Girardi: "Duhhhh, what happened?"

Logan: "Eh, so what.  Long as I'm lefthanded and Joe's the manager, I still got a job."

For the record, this season, Logan is slated to make $3,150,000.  Let me spell that out: Three million, one hundred fifty thousand dollars.  Or about $3.1 million more than he's worth.

Logan then allowed a single to Nava.  Girardi finally saw enough.  He pulled Logan for Claiborne, who got Drew to fly out to end the inning.

The Yankees went 1-2-3 in the 7th, including an inning-ending strikeout of one Alexander Emmanuel Rodriguez.

Claiborne had nothing in the 8th, allowing a 2-run homer to Victorino.  Girardi pulled him for Joba.

That's right: Phil Hughes, Boone Logan, and Joba Chamberlain.  The Three Stooges of the Yankee pitching staff, all within 1 inning.  As an Arsenal fan, I had flashbacks of Manuel Almunia, Denilson (Pereira Neves) and Abou Diaby.  (If you're an Arsenal fan, and you think Diaby is great when he's healthy, then you're stupid enough to be a Tottenham fan.  Diaby sucks.  Maybe he was good before the injuries, but he's been crap since.  Hence, the analogy to Joba.)

Joba threw enough gasoline on the fire to make it 12-8 Boston at the end of the inning.  The Yankees got Eduardo Nunez to 2nd and Stewart to 1st with two outs in the bottom of the 8th, but Gardner struck out.  The bottom of the 9th was a Jeter groundout, a Soriano strikeout, and a Cano strikeout.

WP: Brandon Workman (5-2).  LP: Claiborne (0-2), but the real fault lies with Logan.  Logan's Litany of Losing: Game Number 34.


Just as I started by quoting comedy legends Mark Twain and George Carlin, now I quote comedy legend Bill Cosby: "You should never challenge 'worse.' Don't ever say, 'Things can't get any worse!' 'Worse' is rough!"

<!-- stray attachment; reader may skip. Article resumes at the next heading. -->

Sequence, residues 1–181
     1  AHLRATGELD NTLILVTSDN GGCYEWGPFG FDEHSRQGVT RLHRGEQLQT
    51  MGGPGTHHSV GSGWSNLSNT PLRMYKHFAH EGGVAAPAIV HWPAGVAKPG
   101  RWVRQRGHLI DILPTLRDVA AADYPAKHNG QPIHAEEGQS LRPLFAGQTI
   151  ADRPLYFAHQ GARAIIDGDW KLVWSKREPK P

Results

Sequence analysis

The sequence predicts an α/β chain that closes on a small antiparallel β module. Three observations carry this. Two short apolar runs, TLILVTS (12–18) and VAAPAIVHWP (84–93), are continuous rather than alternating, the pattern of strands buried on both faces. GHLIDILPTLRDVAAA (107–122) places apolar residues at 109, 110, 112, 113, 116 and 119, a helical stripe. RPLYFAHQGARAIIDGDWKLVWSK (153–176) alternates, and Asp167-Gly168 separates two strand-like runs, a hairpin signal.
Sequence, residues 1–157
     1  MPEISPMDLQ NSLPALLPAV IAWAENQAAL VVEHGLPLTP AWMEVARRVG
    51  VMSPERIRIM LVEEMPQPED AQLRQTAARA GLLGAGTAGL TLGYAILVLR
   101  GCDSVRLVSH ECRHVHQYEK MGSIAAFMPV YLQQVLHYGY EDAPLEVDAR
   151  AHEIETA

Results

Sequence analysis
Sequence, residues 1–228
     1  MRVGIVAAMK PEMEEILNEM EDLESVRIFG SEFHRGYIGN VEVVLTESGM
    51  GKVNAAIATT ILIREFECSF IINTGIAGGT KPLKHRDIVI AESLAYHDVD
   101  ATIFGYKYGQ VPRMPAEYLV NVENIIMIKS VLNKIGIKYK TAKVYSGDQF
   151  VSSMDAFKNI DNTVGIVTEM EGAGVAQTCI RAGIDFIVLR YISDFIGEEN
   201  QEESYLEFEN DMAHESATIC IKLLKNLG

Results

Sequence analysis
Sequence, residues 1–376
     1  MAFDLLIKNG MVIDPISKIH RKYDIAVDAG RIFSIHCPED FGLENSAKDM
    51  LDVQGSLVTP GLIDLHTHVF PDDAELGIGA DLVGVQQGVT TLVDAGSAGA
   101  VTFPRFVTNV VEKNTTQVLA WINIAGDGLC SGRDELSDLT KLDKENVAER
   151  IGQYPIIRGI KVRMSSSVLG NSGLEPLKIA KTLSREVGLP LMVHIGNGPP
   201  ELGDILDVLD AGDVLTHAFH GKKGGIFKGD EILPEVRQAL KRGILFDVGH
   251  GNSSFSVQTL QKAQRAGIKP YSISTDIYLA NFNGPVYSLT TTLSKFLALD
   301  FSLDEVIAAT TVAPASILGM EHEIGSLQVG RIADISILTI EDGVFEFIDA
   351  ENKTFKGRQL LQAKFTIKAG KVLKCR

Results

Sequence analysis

In this series, the Yankees have scored 8, 8 and 9 runs.  And have lost 3 straight.

David Huff, who took Hughes' place in the rotation, got shelled today, allowing 9 runs, and didn't even get out of the 4th inning.  Jim Miller and Brett Marshall, also rookie callups, weren't a lot better.  Although Ichiro, Gardner, Nunez and Mark Reynolds hit doubles, and Gardner and Reynolds each had 2 RBIs, the Yankees were losing 12-3 going into the bottom of the 6th.

And then, they mounted another comeback.  They scored 4 runs in the 6th, and 2 more in the 8th.  It was 12-9! But Napoli hit another homer, and that was it: Sox 13, Yanks 9.

WP: John Lackey (9-12).  No save necessary.  LP: Huff (2-1).

Oh yeah: Jeter had to leave the game, having reaggravated the ankle injury he sustained last October.  Who knows when he'll be back.  Tomorrow? Next week? Next season? Oy...


So, going into tomorrow's series finale with The Scum, the Yankees are 11 games behind in the Division, 10 in the loss column -- as if that's worth caring about anymore.  In the Wild Card race, the Yankees trail the Tampa Bay Rays by 3 games for the 2nd AL Wild Card -- 4 in the loss column.  The elimination number is 9 for the Division, 19 for the Wild Card.

"Life is one damn thing after another." Or "Life is the same damn thing over and over."

Does it matter which it really is?

Thursday, September 5, 2013

White Sox Swept, Bring On the Red Ones

It wasn't easy, but the Yankees completed the 3-game sweep of the Chicago White Sox last night.

CC Sabathia appears to have shaken out of his funk: After allowin a run in the 1st inning, he cruised into the 8th, then tired.  David Robertson almost blew it, and Mariano Rivera had to come in and get a 4-out save against a team that's been terrible most of the season.

Fortunately, the Yankees got the runs they needed.  Robinson Cano hit his 26th home run of the season in the 1st, and the Yankees picked up 4 runs in the 4th.  There was no way of knowing that the single run they got in the 7th would make the difference, but it did.